About 15 years ago, I came across Hoagy Carmichael’s book about Everett Garrison, I got inspired and so the process began.

Today I still build in the Garrison style and generally use classic tapers developed by Garrison, Payne, Young, Leonard, Marinaro, and others. As I gained experience, I began to modify existing tapers to better approach my expectations and my client's fishing styles.

I generally build rods based on the buyers intended use. Then I propose a taper and action that is appropriate for their casting style and home waters. My rods are not limited to a select few designs. All my rods differ to some degree. While tapers may be duplicated, the details will vary according to my buyers interests. I also like to add my own influences. It’s more interesting and fun this way as opposed to building the same set of rods over and over again.

I also build rods for myself that I think have an interesting taper, length and action. Maybe another rod builder has told me about it or I’ve been lucky enough to see and fish it.  These rods will appear under the “Current Offerings” section and are for sale.

All my rods are hand crafted from the finest available Tonkin cane. Every culm is hand split, hand planed and heat treated to bring out the best in color and action. Final planing, assembly and finishing is all done by hand. Finally each rod is fished to insure it meets my expectations and is a pleasure to cast.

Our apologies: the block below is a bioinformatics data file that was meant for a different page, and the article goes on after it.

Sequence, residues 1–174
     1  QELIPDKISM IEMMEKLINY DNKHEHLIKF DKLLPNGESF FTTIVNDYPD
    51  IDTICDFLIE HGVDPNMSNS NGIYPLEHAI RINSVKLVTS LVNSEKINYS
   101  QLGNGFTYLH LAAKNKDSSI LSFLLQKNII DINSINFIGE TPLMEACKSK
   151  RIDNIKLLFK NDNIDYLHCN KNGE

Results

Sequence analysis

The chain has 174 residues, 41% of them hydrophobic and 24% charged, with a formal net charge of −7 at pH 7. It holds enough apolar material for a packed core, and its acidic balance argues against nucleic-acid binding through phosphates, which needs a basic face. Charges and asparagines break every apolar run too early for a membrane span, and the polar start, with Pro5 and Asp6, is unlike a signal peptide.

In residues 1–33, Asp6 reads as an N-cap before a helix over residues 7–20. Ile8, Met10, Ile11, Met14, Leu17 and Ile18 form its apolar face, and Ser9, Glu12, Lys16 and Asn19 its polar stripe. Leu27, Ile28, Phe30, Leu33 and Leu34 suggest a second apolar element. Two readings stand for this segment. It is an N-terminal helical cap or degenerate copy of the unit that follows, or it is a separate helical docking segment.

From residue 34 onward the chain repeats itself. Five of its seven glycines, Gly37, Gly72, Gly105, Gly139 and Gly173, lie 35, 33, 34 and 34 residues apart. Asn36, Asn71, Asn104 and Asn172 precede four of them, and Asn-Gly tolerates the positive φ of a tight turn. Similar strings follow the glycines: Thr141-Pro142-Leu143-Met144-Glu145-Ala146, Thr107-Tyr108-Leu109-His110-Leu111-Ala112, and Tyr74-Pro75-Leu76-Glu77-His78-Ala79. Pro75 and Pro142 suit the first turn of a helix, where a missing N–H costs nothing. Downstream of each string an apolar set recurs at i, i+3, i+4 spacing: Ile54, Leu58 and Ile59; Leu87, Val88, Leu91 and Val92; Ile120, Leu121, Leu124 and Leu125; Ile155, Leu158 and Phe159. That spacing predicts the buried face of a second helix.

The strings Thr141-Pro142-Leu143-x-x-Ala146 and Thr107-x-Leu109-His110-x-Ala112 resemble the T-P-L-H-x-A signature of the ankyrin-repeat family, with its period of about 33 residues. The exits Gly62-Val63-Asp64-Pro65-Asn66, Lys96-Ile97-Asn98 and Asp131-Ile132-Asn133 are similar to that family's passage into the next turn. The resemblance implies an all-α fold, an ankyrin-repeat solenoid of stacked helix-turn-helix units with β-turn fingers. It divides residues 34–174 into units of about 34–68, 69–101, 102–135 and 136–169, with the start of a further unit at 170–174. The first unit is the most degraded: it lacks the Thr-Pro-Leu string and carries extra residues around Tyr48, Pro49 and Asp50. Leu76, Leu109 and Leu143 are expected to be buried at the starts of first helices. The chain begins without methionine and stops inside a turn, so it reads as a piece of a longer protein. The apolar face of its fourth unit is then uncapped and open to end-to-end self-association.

All my rods are individually hand crafted, from start to finish, by me. I currently do not use any powered machinery to prepare the bamboo, but instead choose to hand split and plane each section in preparation for assembly.

Following is a general idea of the steps taken to fabricate your bamboo fly rod:

Cane selection-Only the highest grade Tonkin cane is chosen. Each culm must be straight, heavy, clean, and free of defects. This grade generally represents 10% of the imported Tonkin Cane available in the U.S.

Depending on the final rod coloration I desire, I may or may not flame treat the exterior of the culm. Blonde rods are not flamed while a darker color require flaming.

The culm is hand split, nodes sanded and straightened,  and rough planed.

Sections are then set in the Garrison Node pattern, cut to length, bound and oven heat treated.

Final planing/tapering is accomplished by hand planing.

Sections are then assembled, glued, bound, straightened and hung in a drying cabinet at ~ 85 degrees for several months.

Each section is then hand sanded and inspected.

Final assembly includes:

Dressing and mounting the ferrules.

Adding the cork grip and winding check.

The guides, are wound with silk, and each wrap is color stabilized and varnished/sanded minimum 5 coats.

Varnish- 1 coat prior to start of fabrication and 2-3 coats after completion, heat cured as above, sanded after each coat, and a final polish.

Reel seats placed.

Final buffing and polishing.

Cast and fish tested.